Supreme Court Swats Away Florida Firms’ Sports Betting-Related Stay Request

Two Florida gaming companies sought the stay from the Supreme Court while they applied for a full review of a sports betting-related agreement.

Oct 25, 2023 • 19:19 ET • 2 min read
Matthew Tkachuk Florida Panthers NHL
Photo By - USA TODAY Sports

The highest court in the United States will not hit the pause button on a decision that could return legal sports betting to the Sunshine State.

An application for a stay of a lower-court ruling pending an application to get the U.S. Supreme Court to review the case was rejected on Wednesday by SCOTUS, potentially setting the stage for the Seminole-owned Hard Rock Bet to resume operations in Florida. 

“The denial of the stay by the U.S. Supreme Court is very good news,” Seminole Tribe spokesperson Gary Bitner wrote in an email to Covers. “The Seminole Tribe of Florida is heartened by this decision.”   

A long legal history

There is no legal sports betting in Florida at the moment. Hard Rock shuttered its Florida sports betting business in late 2021 after a federal judge threw out the Department of the Interior’s default approval of a gaming compact between the state and its Seminole Tribe.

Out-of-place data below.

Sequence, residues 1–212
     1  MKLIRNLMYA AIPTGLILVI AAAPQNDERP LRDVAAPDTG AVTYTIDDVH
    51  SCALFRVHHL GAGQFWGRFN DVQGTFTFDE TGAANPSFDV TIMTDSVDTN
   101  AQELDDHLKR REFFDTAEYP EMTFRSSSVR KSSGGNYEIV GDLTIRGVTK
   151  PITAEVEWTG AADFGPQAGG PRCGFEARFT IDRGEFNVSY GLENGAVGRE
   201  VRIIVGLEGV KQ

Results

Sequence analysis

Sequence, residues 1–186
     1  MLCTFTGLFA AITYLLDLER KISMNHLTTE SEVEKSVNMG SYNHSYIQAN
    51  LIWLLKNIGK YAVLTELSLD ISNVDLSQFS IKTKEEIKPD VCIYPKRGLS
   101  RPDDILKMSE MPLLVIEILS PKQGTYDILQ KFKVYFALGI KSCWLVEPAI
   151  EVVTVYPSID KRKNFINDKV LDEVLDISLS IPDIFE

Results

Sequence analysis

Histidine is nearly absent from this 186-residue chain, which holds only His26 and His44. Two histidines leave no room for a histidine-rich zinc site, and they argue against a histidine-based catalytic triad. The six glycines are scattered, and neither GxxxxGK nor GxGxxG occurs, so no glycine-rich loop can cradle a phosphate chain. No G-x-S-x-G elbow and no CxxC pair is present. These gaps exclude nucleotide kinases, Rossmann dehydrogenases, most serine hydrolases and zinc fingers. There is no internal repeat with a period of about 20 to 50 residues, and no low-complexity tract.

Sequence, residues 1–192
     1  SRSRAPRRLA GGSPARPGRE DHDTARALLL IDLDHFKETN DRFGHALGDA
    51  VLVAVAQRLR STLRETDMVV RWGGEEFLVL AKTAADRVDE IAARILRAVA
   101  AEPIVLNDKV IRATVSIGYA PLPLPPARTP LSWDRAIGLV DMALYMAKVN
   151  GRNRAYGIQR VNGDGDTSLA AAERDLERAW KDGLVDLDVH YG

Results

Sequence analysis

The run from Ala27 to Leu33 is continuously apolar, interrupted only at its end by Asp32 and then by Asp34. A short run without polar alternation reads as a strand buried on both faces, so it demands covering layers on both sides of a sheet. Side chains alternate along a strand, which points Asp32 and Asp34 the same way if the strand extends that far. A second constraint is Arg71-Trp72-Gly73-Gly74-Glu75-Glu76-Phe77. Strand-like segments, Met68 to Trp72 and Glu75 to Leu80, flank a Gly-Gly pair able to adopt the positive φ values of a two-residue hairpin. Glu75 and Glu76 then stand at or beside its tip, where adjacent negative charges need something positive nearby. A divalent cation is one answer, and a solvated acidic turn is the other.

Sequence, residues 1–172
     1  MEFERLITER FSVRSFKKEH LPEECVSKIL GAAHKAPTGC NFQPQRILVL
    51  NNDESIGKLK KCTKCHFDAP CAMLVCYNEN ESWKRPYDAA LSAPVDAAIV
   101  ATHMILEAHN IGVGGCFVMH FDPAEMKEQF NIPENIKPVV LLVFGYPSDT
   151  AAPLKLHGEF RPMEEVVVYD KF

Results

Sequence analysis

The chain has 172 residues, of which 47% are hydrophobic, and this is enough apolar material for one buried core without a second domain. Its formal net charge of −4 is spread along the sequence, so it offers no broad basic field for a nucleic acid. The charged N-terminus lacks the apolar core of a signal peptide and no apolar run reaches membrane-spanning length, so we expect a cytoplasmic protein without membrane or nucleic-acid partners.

The compact included tribal-controlled retail and online sports betting but the latter’s inclusion in the agreement and its provisions deeming mobile wagers to happen on Seminole lands led to its spiking. 

That judgment was reversed earlier this year by the U.S. Court of Appeals for the District of Columbia Circuit. However, two Florida gaming companies challenging the compact sought a stay of the ruling from the Supreme Court while they applied for a full review. 

Chief Supreme Court Justice John Roberts had granted an initial stay pending further orders from the top court. The stay was officially rejected Wednesday, although the door is still open for Supreme Court intervention at a later date. 

“I agree that the stay application should be denied in light of the D. C. Circuit’s pronouncement that the compact between Florida and the Seminole Tribe authorizes the Tribe to conduct only on-reservation gaming operations, and not off-reservation gaming operations,” Justice Brett Kavanaugh wrote in a statement. “If the compact authorized the Tribe to conduct off-reservation gaming operations, either directly or by deeming off-reservation gaming operations to somehow be on-reservation, then the compact would likely violate the Indian Gaming Regulatory Act, as the District Court explained.”

West Flagler Associates Ltd. and Bonita-Fort Myers Corp. have yet to file their application for Supreme Court review, but they may have a justice or two interested in taking the case. 

Kavanaugh said the state law involved in the case does raise "serious equal protection issues" to the extent it authorizes the Seminole Tribe alone to conduct certain gaming operations in Florida off its tribal lands.

“But the state law’s constitutionality is not squarely presented in this application, and the Florida Supreme Court is in any event currently considering state-law issues related to the Tribe’s potential off-reservation gaming operations,” the justice wrote. 

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